Split Everett council permits mayor to add homeless buffer zones
EVERETT — The mayor can now set more zones in Everett which outlaw laying or sleeping on the sidewalk.
Mayor Cassie Franklin says she’d do so sparingly, and only has one spot in mind at the moment. She didn’t share where publicly but called it a “highly problematic” area.
The zones are known as “no-sit/no-lie” zones which forbid sitting or laying down in public spaces.
The City Council voted 4-3 granting the mayor authority. The zones can be set in the two blocks surrounding an area where crime stats show a recurring problem with street-level nuisances, or in the two blocks surrounding a service provider. The zones especially affect unsheltered homeless people who might rest in public.
The city made a few late adjustments before council’s vote: In one, parks would not be automatic candidates for the zones. The law also added a minimum threshold of requiring six nuisance incidents over a six-month span to be a zone candidate.
A divide of voices tried to influence the decision: Humanitarians who called it cruel to use zones that govern which places homeless people can rest versus residents and businessowners fed up by the actions of a destructive and troublesome segment of homeless people who give the street population a bad name.
“‘All are welcome in Everett,’ except the houseless — shame on you,” resident Ed Glazer told city officials, referencing the city’s “One Everett” inclusivity campaign.
Social service providers who serve homeless individuals were just as split. Providers such as Penelope Protheroe of Angel Resource Connection and Lindsey Arrington of Hope Soliders, an addiction recovery and mental health service, said to set zones around social services to protect vulnerable people coming for help from being harmed by danger.
A third vector is a belief the “no-sit/no-lie” zones will ease residents’ opposition to homeless social services being sited nearby due to concern about these attracting congregations of homeless people. Residents living near social services say they observe open drug deals, loiterers around the social services and garbage left behind.
Council President Brenda Stonecipher said that without zones, the city could face public pressure against any future social services being established. Plans for a homeless shelter in the 4500 block of Rucker Avenue, which were withdrawn last month after public resistance, was a fresh memory.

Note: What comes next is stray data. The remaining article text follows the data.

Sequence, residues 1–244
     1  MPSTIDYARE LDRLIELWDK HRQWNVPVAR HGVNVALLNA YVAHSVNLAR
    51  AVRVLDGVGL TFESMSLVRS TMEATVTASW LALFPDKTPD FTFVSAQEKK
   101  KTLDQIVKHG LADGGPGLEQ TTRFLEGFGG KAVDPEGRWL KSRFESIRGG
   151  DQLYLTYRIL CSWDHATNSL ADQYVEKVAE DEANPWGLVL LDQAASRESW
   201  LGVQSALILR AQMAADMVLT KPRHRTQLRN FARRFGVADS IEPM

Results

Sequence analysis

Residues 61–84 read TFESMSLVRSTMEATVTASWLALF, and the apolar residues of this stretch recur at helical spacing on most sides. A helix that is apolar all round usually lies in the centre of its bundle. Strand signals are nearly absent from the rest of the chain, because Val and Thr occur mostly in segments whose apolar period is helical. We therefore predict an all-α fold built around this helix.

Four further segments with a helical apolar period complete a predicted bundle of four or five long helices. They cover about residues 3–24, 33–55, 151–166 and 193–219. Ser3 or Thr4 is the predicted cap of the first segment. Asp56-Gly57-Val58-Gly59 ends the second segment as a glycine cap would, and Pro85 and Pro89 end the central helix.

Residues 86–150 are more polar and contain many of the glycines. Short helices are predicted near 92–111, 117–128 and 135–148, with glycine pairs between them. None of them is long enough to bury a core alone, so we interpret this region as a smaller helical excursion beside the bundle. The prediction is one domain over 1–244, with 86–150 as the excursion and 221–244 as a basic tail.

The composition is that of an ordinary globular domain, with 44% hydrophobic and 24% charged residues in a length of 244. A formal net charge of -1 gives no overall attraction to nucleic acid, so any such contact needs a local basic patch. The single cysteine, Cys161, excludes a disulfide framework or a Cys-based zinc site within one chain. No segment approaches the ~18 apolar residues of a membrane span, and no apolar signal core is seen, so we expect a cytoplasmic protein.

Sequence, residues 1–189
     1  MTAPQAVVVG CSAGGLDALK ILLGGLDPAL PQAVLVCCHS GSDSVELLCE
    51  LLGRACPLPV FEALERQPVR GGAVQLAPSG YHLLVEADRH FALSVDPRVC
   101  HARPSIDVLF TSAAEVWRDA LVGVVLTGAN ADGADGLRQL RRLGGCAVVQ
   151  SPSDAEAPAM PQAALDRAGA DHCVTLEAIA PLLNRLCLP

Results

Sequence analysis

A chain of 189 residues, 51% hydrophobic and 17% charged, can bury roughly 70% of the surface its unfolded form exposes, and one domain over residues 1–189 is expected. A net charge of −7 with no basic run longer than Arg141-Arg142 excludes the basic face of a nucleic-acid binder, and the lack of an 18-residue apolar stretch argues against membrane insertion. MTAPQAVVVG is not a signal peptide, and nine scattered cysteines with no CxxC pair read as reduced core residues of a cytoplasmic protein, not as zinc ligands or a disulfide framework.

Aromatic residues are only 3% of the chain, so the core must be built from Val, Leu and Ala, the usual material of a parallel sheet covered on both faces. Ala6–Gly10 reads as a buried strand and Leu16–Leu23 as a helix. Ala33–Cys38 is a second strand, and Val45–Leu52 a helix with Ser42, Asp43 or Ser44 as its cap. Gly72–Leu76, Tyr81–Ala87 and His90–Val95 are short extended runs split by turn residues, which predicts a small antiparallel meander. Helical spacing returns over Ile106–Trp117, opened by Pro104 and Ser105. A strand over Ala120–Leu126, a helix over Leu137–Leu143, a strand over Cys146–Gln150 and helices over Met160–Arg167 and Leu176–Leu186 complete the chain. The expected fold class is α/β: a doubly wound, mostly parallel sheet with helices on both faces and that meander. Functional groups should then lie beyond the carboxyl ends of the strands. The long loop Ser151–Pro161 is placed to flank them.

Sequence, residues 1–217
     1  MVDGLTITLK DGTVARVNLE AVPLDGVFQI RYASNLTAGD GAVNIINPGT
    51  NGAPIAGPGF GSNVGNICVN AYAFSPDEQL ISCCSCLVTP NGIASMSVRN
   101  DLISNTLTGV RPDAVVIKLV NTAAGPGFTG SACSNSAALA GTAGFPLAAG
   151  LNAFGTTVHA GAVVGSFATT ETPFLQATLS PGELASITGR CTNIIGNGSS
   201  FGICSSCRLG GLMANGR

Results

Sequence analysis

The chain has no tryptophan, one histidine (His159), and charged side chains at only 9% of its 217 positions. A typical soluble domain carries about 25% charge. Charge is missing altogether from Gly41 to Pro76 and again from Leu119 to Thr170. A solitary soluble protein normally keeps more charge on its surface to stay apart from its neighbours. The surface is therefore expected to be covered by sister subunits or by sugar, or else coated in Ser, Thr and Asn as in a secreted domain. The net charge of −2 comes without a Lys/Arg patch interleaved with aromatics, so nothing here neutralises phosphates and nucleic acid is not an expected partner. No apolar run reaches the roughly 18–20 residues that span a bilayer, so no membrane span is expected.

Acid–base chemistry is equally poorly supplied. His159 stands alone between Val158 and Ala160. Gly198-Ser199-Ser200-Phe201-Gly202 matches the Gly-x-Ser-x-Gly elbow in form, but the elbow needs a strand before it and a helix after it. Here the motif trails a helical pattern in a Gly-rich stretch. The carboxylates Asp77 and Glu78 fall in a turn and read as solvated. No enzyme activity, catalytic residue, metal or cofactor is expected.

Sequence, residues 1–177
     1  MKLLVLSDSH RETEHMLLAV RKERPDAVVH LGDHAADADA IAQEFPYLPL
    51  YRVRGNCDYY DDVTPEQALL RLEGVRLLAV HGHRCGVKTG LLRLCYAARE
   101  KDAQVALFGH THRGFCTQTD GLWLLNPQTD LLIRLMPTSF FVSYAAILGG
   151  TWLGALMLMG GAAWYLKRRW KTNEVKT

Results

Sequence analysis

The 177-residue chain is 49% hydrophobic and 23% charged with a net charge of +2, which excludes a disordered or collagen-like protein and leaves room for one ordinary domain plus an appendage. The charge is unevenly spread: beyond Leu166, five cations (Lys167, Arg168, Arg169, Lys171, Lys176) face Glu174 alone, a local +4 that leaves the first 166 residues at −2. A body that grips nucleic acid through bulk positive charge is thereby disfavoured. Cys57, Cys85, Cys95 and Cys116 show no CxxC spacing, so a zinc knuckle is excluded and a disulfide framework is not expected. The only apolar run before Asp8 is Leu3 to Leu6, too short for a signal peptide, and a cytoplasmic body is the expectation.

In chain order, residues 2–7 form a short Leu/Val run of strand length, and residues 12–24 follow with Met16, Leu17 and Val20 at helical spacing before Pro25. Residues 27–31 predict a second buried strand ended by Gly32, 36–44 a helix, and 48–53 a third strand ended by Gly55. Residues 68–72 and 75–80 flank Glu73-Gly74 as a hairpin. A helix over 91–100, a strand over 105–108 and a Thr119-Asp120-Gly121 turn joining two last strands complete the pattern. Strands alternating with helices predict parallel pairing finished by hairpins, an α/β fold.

Two camps split the City Council: Council members Ben Zarlingo, Judy Tuohy, Don Schwab and Stonecipher voted to authorize the mayor to set zones, with some saying the city needs the flexibility to set controls; council members Paula Rhyne, Mary Fosse and Liz Vogeli voted against.
A protest against more zones happened close to City Hall that evening; Vogeli spoke at that event.
The city set a “no-sit/no-lie” area by Smith Avenue in 2021. There have not been any arrests related to that zone, community development director Julie Willie said.
An amendment setting an expiration date of Dec. 31, 2025 passed 5-2. Council would need to renew it to continue the authority. An amendment trying to delete a clause restricting Good Samaritans from providing goods or gifts in “no-sit/no-lie” zones was rejected 3-4.
City attorneys said Everett can set buffer zones against camping as long as it’s not a blanket zone across the city. An all-city blanket zone in Boise, Idaho got that city sued; the U.S. Supreme Court ruled that law’s penalties were unconstitutional. It ruled enforcing it was unconstitutional because when shelters get full, houseless residents have no real alternative except break the law by sleeping in a public space.
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